It really brings me such joy to see, play and review (or in this case preview) indie games that have such heart and soul in their development. You can really feel that each moment and movement has been undertaken with deep creative love and passion, making the experience just that much more enjoyable. Such is that case with Altered Matter’s Etherborn.
Etherborn is an environmental based puzzle platformer. Sounds like the same old ‘jump this, collect that, move to the next zone’ kind of deal right? Well, in this case, you’d be wrong.
See, the thing that sets Etherborn dashing ahead of the pack is the fact that you are bound by the laws of physics, but in a very, VERY creative way. The design on the levels have been meticulously mapped out, for any curved surface or camera movement can shift and change your perception and direction instantaneously!
Let me explain:
There will be times that you encounter curved surfaces, much like a hill, during the in-game levels. Climbing this hill allows the camera to shift and suddenly you are now bound to that plane of physics. The path you previously walked can no longer be attain physically, as since upon climbing the curved surface, you can now mount and climb the SIDE of the curved surface. It literally adds another dimension to the platforming aspect, giving Etherborn an elongated sense of play time and strategy. Many, many times did I carelessly slip off the world and dive into the ether, only to re-evaluate and scope out my next move. The benefit being that, at this stage, Etherborn presents no limitations to attempts, restarts, lives, deaths etc. Basically, keep going until you figure it out!
Upon start up the main menu music and design (pictured above) hooked me right in. If there isn’t one already, then indie games should have their own music award ceremony because the amount of effort that goes in to orchestrating a soundtrack for a futuristic game like Etherborn really has to be commended.
The figure on the right is whom you’ll be playing as: a see-through human-based organism who is guided by an unknown voice. Upon learning the basic movements and physically shifting planes, there are cut-scenes where this unknown voice continues to speak to you, seemingly guiding you on your journey. But man, oh man, is some of the dialogue thought provoking. I don’t think I’ve ever experienced an indie game that provoked so much deep inner thought than Etherborn. I’m not kidding, whoever wrote the dialogue needs to be promoted!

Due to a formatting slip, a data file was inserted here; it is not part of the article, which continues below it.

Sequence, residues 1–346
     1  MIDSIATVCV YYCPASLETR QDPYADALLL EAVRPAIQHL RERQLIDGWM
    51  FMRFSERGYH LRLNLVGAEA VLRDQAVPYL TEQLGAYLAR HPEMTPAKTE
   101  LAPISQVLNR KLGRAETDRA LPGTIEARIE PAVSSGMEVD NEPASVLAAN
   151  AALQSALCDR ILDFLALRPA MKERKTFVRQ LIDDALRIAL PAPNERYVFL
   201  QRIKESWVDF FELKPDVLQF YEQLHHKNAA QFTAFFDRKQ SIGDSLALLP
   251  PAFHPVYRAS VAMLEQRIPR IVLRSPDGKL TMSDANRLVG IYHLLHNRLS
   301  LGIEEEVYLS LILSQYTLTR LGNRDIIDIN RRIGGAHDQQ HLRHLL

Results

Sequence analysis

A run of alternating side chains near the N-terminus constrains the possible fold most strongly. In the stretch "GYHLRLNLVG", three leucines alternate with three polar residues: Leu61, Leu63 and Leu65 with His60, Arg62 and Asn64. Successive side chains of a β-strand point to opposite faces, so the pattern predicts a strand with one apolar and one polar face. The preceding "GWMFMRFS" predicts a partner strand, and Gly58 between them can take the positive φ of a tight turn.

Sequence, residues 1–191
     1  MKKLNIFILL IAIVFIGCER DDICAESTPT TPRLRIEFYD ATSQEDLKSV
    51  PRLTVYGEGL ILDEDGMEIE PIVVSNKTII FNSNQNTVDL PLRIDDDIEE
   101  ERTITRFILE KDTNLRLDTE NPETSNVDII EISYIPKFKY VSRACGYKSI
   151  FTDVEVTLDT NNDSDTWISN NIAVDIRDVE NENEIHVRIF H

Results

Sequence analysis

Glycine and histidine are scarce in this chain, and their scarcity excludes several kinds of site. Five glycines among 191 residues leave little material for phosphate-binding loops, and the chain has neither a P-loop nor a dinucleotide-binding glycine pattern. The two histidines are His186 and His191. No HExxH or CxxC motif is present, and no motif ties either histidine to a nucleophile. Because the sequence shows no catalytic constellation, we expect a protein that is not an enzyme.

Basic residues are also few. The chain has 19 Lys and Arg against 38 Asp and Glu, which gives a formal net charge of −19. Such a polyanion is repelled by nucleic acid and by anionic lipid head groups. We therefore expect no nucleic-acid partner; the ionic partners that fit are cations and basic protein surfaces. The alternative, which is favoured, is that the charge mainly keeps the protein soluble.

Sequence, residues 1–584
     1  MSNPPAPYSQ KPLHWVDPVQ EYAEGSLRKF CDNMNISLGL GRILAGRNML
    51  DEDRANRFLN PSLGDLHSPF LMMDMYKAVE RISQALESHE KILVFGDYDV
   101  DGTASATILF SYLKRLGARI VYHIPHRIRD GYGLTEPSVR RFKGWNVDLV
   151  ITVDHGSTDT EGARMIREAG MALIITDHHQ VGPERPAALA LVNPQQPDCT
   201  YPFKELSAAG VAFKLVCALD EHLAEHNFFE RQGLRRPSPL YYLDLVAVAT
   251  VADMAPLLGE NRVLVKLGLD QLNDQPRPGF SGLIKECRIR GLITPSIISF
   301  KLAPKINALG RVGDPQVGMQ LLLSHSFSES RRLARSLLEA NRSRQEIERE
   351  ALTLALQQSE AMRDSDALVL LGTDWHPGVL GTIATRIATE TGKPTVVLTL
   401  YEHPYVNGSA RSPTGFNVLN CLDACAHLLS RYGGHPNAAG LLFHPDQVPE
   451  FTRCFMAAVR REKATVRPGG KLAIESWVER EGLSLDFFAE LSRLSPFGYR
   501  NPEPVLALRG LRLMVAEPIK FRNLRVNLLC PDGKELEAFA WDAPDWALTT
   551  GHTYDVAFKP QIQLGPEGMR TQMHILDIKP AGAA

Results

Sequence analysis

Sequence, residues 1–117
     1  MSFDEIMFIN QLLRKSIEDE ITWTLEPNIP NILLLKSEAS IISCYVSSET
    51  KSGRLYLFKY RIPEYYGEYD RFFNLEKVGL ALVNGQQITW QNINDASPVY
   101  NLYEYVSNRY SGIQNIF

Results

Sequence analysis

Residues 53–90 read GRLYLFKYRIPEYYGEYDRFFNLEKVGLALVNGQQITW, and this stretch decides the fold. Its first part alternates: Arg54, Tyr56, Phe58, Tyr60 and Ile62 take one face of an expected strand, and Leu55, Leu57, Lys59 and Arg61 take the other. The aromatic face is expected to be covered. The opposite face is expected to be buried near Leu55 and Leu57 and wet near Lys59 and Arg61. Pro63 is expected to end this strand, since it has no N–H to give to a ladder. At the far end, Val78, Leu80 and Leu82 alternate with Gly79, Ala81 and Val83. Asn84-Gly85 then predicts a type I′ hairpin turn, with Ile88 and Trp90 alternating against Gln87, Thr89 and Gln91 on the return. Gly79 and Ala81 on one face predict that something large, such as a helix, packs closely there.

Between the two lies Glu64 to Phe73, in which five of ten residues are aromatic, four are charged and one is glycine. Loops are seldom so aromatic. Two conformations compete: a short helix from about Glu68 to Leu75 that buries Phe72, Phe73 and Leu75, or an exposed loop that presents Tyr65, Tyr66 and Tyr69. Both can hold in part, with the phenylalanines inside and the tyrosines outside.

You eventually reach a gigantic tree, a Tree of Life if you will, which as you traverse you discover bright, white orbs. These orbs can be treated as levels, which suck you in and load a new map to conquer. Each map presents a diamond button embed in the floor, with the goal being to obtain the numerically required white orbs which hide around the level. To discover them requires climbing the curved surfaces and co-ordinating your approach.
Visually, Etherborn is amazing. The organism itself is truly a work of art. What’s clever is that the upon reaching certain parts of the map and / or tree, the camera will shift which allows you to better see the upcoming path and showcase the world around you. At one point, I found myself standing on a raised area of the map, which was complimented by the noise of wind blowing. Such little details really make a massive difference to the immersion and life of this game.
I’m so excited for the future of this game! Altered Matter have already been crowned with a bunch of accolades and awards for Etherborn (and as of this writing it’s still only in beta!), but it truly has a great future ahead of it!